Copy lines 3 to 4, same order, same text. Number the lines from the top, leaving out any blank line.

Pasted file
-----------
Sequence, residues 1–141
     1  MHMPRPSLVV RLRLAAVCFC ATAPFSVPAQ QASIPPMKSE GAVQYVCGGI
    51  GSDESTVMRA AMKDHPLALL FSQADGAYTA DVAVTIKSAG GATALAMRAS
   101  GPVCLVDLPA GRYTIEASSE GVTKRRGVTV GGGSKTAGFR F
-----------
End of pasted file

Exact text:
    51  GSDESTVMRA AMKDHPLALL FSQADGAYTA DVAVTIKSAG GATALAMRAS
   101  GPVCLVDLPA GRYTIEASSE GVTKRRGVTV GGGSKTAGFR F